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The Complete Works of Michael de Montaigne; Comprising the Essays

4.54 of 5 stars 4.54  ·  rating details  ·  387 ratings  ·  32 reviews
Humanist, skeptic, acute observer of himself and others, Michel de Montaigne (1533—92) was the first to use the term “essay” to refer to the form he pioneered, and he has remained one of its most famous practitioners. He reflected on the great themes of existence in his wise and engaging writings, his subjects ranging from proper conversation and good reading, to the raisi...more
Paperback, 774 pages
Published August 30th 2010 by Nabu Press (first published 1592)
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Rowan
Aug 08, 2007 Rowan rated it 5 of 5 stars  ·  review of another edition
Recommends it for: anybody with pretensions to being educated.
If you haven't read (at least some of ) this, I'm afraid you are a bit of an ignoramus. Montaigne invented the word and the form we know as an 'essay' and his philosophical writings are about everything: kidney stones, religion, reality, melons, knowledge, death, shapely calves. He will shock those of you who are obsessed with the modern world with the piquancy of his observations. Read it!
Robert Farwell
For me the greatest approbation for a book I've just read is a simple declaration that this is a book I'll read again, and perhaps one that I'll read regularly. This is a desert island work for sure. It (for me) fits into the same mental shelf space as Aurelius Marcus' Meditations or Herodotus' The Histories or Adams' The Education of Henry Adams. Some pieces of nonfiction should probably be considered a type of humanist sacred-text. One more book I've got to grab if the house is on fire. One mo...more
Brian
Highly referential, but thrillingly timeless. Meandering thoughts on human nature at large. Where you might begin to fear his digressions will leave you lost, there is suddenly stunning insight, and refreshing, even evocative summation. Perhaps it is an attempt to enumerate some grand philosophy on human behavior, yet it weaves historical and personal anecdotes of tragedy and comedy, providing a kind of in depth exploration of the human psyche, but for the layman. Funny, sincere, and palatable f...more
Peter
This book is permanently next to my bed. I consider Montaigne as my most important mentor and soulmate. So much to learn from this philosopher with a love and empathy for all life, an understanding in the psyche of politics and business and a sense of humour that puts everything in perspective and makens him even more sympathetic. Wonderful man. No wonder Shakespeare admired him...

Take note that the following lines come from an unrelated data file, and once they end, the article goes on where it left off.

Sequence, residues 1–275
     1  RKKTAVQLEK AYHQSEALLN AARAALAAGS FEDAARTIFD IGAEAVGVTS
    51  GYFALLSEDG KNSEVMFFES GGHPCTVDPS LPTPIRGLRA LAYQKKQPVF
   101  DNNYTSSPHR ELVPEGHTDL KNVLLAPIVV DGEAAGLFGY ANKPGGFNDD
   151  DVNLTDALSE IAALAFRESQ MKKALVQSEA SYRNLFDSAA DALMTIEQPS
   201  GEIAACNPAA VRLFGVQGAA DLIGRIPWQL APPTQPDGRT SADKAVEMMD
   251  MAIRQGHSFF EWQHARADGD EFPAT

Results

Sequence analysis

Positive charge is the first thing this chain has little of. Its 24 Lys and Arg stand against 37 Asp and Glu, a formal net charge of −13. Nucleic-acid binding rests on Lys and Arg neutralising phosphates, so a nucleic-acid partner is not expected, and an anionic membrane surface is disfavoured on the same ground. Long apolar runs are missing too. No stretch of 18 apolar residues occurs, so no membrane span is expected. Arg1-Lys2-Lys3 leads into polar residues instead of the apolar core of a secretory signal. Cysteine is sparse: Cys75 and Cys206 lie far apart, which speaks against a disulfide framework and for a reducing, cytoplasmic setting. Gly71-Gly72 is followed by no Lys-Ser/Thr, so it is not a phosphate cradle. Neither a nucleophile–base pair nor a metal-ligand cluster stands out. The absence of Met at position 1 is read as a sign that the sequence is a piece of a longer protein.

Richard Freeman
Montaigne is the model of that ingredient built into all of us that could be called honesty and integrity. He has few fixed dogmas or preoccupations (although he does believe in the value of prayer and the presence of a diety). His view of humankind is a picture of an inconsistent and delightful species and is as interesting and compelling drunk or sober (see his essay "On Drunkeness"). All that one should read and learnn is in these pages and if it isn't then follow Montaigne's advice and read...more
Levi
always a pleasure to dip into this one.
the man is a treasure trove of insight, incident and literary/historical anecdote.
love love
love
this book... but i'm in no rush to 'finish' it.
Joe Hunt
This is one of those people

we should be ashamed, if we haven't read _at least the tiniest bit of_ him.


The Father of the Essay, right?

I teach college composition, and always make it a point to have the children read:

a. On Laziness.

http://essays.quotidiana.org/montaign...

b. Of a Monstrous Child

http://essays.quotidiana.org/montaign...

(p.s. I guess the keeper of that website, quotidiana, is slightly famous--

teaches at BYU.)



Anyhow...I first picked up the book in LA, circa 2001.